Wellbeing: Natural Highs
By James Faulkner
We know cycling is good for both body and mind, even if we’re not exactly sure why.
It releases endorphins. That’s the best most of us can muster as we regale some poor soul with the time-splits for our latest sportive, or the benefits of hill reps. Heaven forbid we’ll be asked to explain what endorphins actually are.
The term endorphin is derived from two words: ‘endogenous’, a biologist’s term for ‘internal’; and ‘morphine’, the opium-based drug used for pain relief. Endorphins occur naturally in the body and are distributed in the blood and by the central nervous system. Endorphins have, like adrenaline, been providing us with chemical assistance us for as long as humans have needed to fight or fly. Yet we have learned about them only relatively recently.
In 1975, a group of scientists at the University of Aberdeen published an article, in the journal Nature, with the following title: ‘Identification of Two Related Pentapeptides from the Brain with Potent Opiate Agonist Activity.’ Snappy. It documented research, led by two neuroscientists, John Hughes and Hans Kosterlitz, which proved a breakthrough for scientists and sporty types alike.
The brain in question belonged to a pig. From it, Hughes and Kosterlitz isolated a molecule they named ‘enkephalin’ (enkéfalos being Greek for ‘brain’). This enkephalin molecule possessed natural opiates, substances capable of relieving pain in the body, and which we now refer to broadly as endorphins. (The ‘agonist’ of the Nature headline is any chemical that triggers a physiological response.)
These endorphins were miracle molecules indeed. Just as they provide relief when we’re in pain, nor do they waste it if we are not. Indeed, much of the subsequent research on endorphins has centred on the effects they have on athletes. Specifically, the ‘runner’s high’, that feeling of euphoria experienced during periods of exertion. And which seemed to confirm the role played by endorphins in helping the body offset pain when it is under stress. The discovery of endorphins seemed timely; for the jogging boom that swept America in the 1970s and for a Nike marketing department aiming to swoosh all before it.
As the study of neural proteins developed into a scientific field all its own, the phenomenon that had first been observed in runners was applied in a wider context. ‘Endorphin high’ became the new catch-all term, used to describe any exercise, including cycling, which produced a similar response in the body to administering morphine.
More recent research into endorphins, however, suggests they may not hold the whip hand when it comes to wellbeing. In 2003, another study found patients recovering from major surgery displayed, by way of natural pain relief, notably high levels of endorphins in their blood. Equally high levels have been measured by scientists in the blood of healthy subjects during exercise. However, endorphin-related euphoria is generated in the brain, an area that scientists tend not to measure in athletes. To assume any rise in blood endorphins corresponded directly to increased levels in the brain as a result of exercise was precisely that — an assumption.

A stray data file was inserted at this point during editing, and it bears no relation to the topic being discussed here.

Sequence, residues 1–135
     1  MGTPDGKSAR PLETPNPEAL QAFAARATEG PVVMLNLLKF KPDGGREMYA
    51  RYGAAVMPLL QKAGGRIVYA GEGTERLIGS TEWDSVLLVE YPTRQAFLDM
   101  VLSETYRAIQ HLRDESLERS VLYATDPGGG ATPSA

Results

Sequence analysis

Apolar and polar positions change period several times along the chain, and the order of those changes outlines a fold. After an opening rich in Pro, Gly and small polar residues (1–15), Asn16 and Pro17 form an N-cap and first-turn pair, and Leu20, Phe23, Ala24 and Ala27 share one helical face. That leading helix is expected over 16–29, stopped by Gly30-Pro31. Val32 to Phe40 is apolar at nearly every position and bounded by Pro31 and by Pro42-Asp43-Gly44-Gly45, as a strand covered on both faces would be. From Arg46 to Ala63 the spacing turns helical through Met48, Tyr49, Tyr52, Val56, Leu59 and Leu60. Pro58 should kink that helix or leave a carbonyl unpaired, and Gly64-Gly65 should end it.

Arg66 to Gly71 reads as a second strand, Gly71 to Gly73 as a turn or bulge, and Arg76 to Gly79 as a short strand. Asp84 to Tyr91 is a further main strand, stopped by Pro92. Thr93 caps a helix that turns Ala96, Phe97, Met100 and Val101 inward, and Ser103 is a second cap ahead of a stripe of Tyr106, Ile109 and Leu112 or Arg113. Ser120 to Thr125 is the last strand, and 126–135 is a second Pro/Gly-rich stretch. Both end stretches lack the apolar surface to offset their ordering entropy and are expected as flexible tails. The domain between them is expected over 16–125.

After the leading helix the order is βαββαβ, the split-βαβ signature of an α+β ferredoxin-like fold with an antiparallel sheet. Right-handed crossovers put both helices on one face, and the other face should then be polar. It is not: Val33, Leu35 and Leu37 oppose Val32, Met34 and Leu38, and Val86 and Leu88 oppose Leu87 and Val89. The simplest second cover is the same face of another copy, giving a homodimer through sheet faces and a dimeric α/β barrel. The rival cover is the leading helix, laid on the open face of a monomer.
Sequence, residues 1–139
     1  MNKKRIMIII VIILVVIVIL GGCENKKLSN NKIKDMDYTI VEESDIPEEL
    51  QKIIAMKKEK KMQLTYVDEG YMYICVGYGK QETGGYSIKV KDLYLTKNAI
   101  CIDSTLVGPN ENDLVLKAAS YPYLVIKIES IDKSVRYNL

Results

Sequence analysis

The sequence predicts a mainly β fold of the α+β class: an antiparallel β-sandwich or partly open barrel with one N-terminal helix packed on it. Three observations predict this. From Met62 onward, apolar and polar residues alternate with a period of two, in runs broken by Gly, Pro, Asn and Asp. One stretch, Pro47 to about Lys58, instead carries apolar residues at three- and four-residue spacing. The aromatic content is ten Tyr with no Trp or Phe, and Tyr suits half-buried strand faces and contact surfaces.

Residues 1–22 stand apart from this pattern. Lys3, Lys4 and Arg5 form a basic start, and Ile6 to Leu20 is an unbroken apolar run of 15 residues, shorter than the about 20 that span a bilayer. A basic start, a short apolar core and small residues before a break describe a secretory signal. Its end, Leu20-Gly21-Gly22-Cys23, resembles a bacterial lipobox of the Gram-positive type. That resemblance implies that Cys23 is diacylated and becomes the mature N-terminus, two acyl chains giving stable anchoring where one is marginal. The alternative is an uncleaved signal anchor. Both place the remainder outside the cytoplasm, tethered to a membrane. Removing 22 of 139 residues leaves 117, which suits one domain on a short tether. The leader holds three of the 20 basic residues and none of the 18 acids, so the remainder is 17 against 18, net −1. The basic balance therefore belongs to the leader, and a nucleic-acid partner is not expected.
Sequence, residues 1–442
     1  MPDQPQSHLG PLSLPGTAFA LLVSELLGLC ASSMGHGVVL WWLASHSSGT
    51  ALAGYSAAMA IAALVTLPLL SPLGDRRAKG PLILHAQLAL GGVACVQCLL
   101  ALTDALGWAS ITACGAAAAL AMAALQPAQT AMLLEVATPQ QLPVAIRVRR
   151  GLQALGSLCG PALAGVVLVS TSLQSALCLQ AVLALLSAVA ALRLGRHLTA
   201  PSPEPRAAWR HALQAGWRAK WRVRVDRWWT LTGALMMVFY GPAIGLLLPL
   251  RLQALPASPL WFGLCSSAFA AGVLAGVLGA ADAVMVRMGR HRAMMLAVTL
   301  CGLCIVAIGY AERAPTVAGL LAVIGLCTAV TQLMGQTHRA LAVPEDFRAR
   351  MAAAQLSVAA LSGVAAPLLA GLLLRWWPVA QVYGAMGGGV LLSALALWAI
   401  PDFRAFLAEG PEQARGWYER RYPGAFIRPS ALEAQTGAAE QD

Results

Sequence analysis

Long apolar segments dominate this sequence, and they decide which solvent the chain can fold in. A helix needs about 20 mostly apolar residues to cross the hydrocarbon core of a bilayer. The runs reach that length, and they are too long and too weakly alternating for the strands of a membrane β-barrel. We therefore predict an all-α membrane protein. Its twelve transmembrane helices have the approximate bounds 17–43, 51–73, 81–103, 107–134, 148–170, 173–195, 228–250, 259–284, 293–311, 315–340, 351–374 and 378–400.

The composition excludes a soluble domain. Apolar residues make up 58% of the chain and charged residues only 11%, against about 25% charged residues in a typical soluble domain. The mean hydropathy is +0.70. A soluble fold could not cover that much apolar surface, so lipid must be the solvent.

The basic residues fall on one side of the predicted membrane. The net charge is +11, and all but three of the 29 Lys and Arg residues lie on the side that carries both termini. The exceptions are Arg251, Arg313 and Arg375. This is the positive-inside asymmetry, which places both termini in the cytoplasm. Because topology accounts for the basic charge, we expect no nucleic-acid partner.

In 2016, scientists in Germany challenged the endorphin monopoly further. They noted that, while blood-endorphin levels were raised during exercise, it was not possible for those endorphins to pass from the blood to the brain, thus reducing the chances that blood endorphins are responsible for any exercise high. They pointed instead to a previously overlooked source. In 1992, a Czech chemist named Lumír Hanuš discovered a molecule known as ‘anandamide’. One of the first examples of a naturally occurring ‘cannabinoid’ to be identified in the human brain, it also created feelings of euphoria and was thus dubbed the ‘joy molecule’ (‘ananda’ means ‘joy’, in Sanskrit). Crucially, not only do levels of anandamide increase under physical exertion but the molecule is also capable of breaching the blood-brain barrier.
A study in the US that same year suggested the source might be different again. This research noted how mice with low levels of a hormone called leptin ran further than mice whose levels were normal. In humans, leptin works to stop us feeling hungry, essentially keeping us going when our batteries need recharging. Low levels of leptin exaggerate this function, encouraging us to be even more active, ie to seek out food, despite our body’s preference for rest. The function of leptin may well vary between mice and humans, but it may be that leptin creates positive feelings during intense activity.
Elsewhere, scientists have pointed to two long-known hormones, serotonin and norepinephrine. Known as ‘neurotransmitters’, they are produced in greater quantities when you exercise, flooding your nervous system and telling it how great you feel. (Low levels of serotonin and norepinephrine have, conversely, been linked to depression and anxiety.) Serotonin and norepinephrine may also help the body deal with stress simply by forcing it to practise coping with physical challenges. All of which should provide you with sufficient cover the next time you need to justify that weekend ride.